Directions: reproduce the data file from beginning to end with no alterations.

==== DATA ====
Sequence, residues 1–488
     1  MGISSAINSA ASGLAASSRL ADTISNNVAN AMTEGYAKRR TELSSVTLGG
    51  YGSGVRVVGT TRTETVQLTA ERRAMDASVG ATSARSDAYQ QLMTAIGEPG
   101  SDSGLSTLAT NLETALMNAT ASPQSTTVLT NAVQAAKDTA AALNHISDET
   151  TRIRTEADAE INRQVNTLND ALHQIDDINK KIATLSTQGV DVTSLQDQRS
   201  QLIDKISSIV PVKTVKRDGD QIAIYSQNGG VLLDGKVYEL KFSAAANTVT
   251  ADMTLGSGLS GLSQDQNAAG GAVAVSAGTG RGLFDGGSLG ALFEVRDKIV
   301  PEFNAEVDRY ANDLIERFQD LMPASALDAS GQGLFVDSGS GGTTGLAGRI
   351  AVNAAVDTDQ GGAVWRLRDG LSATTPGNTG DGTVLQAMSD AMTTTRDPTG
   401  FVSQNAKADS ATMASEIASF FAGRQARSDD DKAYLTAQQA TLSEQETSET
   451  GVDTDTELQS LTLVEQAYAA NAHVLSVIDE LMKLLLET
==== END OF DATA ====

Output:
Sequence, residues 1–488
     1  MGISSAINSA ASGLAASSRL ADTISNNVAN AMTEGYAKRR TELSSVTLGG
    51  YGSGVRVVGT TRTETVQLTA ERRAMDASVG ATSARSDAYQ QLMTAIGEPG
   101  SDSGLSTLAT NLETALMNAT ASPQSTTVLT NAVQAAKDTA AALNHISDET
   151  TRIRTEADAE INRQVNTLND ALHQIDDINK KIATLSTQGV DVTSLQDQRS
   201  QLIDKISSIV PVKTVKRDGD QIAIYSQNGG VLLDGKVYEL KFSAAANTVT
   251  ADMTLGSGLS GLSQDQNAAG GAVAVSAGTG RGLFDGGSLG ALFEVRDKIV
   301  PEFNAEVDRY ANDLIERFQD LMPASALDAS GQGLFVDSGS GGTTGLAGRI
   351  AVNAAVDTDQ GGAVWRLRDG LSATTPGNTG DGTVLQAMSD AMTTTRDPTG
   401  FVSQNAKADS ATMASEIASF FAGRQARSDD DKAYLTAQQA TLSEQETSET
   451  GVDTDTELQS LTLVEQAYAA NAHVLSVIDE LMKLLLET